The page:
While the construction industry has weathered the coronavirus (COVID-19) pandemic better than others like retail and hospitality, it hasn’t been all kittens and rainbows either. From February through April, the construction industry lost over a million jobs. To put that in perspective, during the Great Recession the industry lost about 2.3 million jobs. Through June, the industry has managed to gain back over 600,000 jobs.
Table 1 sets out latest (June 2020) construction-related cost items from the Producer Price Index (PPI) data set published by the Bureau of Labor Statistics (BLS).
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The construction industry opened the year 2020 cautious but optimistic about the future, and then COVID-19 swept the nation and the rest of the world. The crisis has prompted governments to implement strict lockdown protocols to contain the spread of the novel coronavirus. Four months after the first recorded case in the country, several places are starting to relax these safety measures in order for the economy to move forward. At this moment, construction business owners need to think about a business reopening strategy and how they can adapt to a post-COVID-19 construction environment.
U.S. put-in-place construction spending, during the coronavirus health crisis, has benefitted from the carryover of work begun last year. 2019 construction starts included an inordinately large number of mega projects valued at $1 billion or more each. There were 35 such projects last year, with a summed value near $80 billion, or 15% of nonresidential groundbreakings.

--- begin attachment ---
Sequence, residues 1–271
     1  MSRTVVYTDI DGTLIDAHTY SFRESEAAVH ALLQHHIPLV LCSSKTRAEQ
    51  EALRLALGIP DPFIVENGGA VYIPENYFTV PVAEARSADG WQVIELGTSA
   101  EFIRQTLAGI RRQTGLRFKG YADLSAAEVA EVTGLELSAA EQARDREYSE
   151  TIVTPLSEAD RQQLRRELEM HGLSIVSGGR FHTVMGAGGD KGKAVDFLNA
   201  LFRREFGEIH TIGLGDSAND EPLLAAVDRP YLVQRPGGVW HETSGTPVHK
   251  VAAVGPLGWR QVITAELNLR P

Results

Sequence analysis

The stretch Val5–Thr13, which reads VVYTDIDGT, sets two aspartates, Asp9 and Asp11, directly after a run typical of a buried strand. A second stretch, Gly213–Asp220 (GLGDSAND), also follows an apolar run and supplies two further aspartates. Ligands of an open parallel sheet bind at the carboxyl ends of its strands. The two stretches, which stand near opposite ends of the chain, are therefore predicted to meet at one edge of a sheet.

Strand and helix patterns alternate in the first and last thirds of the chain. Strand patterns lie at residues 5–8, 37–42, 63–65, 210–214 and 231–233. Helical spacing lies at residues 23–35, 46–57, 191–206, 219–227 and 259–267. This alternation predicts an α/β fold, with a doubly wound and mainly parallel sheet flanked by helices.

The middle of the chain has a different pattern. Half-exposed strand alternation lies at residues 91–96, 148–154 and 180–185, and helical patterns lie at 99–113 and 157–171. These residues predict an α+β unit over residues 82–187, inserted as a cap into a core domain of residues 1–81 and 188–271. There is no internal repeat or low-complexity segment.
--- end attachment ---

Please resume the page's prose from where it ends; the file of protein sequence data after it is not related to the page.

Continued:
As with most things pandemic-related, it’s hard to know where the cost of construction will land six months, or a year, or two years from now. Set out below are 10 ways in which costing in the sector is likely to be impacted in the period ahead.
The spread of COVID-19 was all about uncertainty and distress. With people being strongly advised to follow social distancing protocols, the government had its focus on controlling the spread of illness by restricting travel and work. And just like any other industry, the construction world is also going through a tremendous struggle in sustaining the project pipeline and workflow.
The COVID-19 pandemic has rocked many industries to their very core. Lockdowns, quarantine, social distancing, and other health-protecting procedures keep the virus from spreading, but they also create numerous challenges for businesses trying to navigate this new normal. What contract issues are construction industries facing, and how can they make their way over this hurdle?
With confirmed U.S. cases of COVID-19 standing at 1.87 million, with over 108,000 of those cases resulting in death, to have even a fleeting thought of returning to the pre-COVID-19 workloads is not just lofty, it’s wishful thinking. Construction firms are often an early forecast of the financial times because residential construction is normally considered a “luxury” item by the homeowner, and the ability to freeze capital funds in times of uncertain business futures almost guarantees that new construction is the first fat that is trimmed from most budgets.
Ever since it struck at the beginning of 2020, COVID-19 has altered our lives. It has wrecked the economy, shoved millions of people out of a job, and locked us inside our homes.
Businesses across the country and around the globe must close their doors to prevent the spread of the coronavirus. Anything not considered essential is closed, and that includes many construction sites and projects.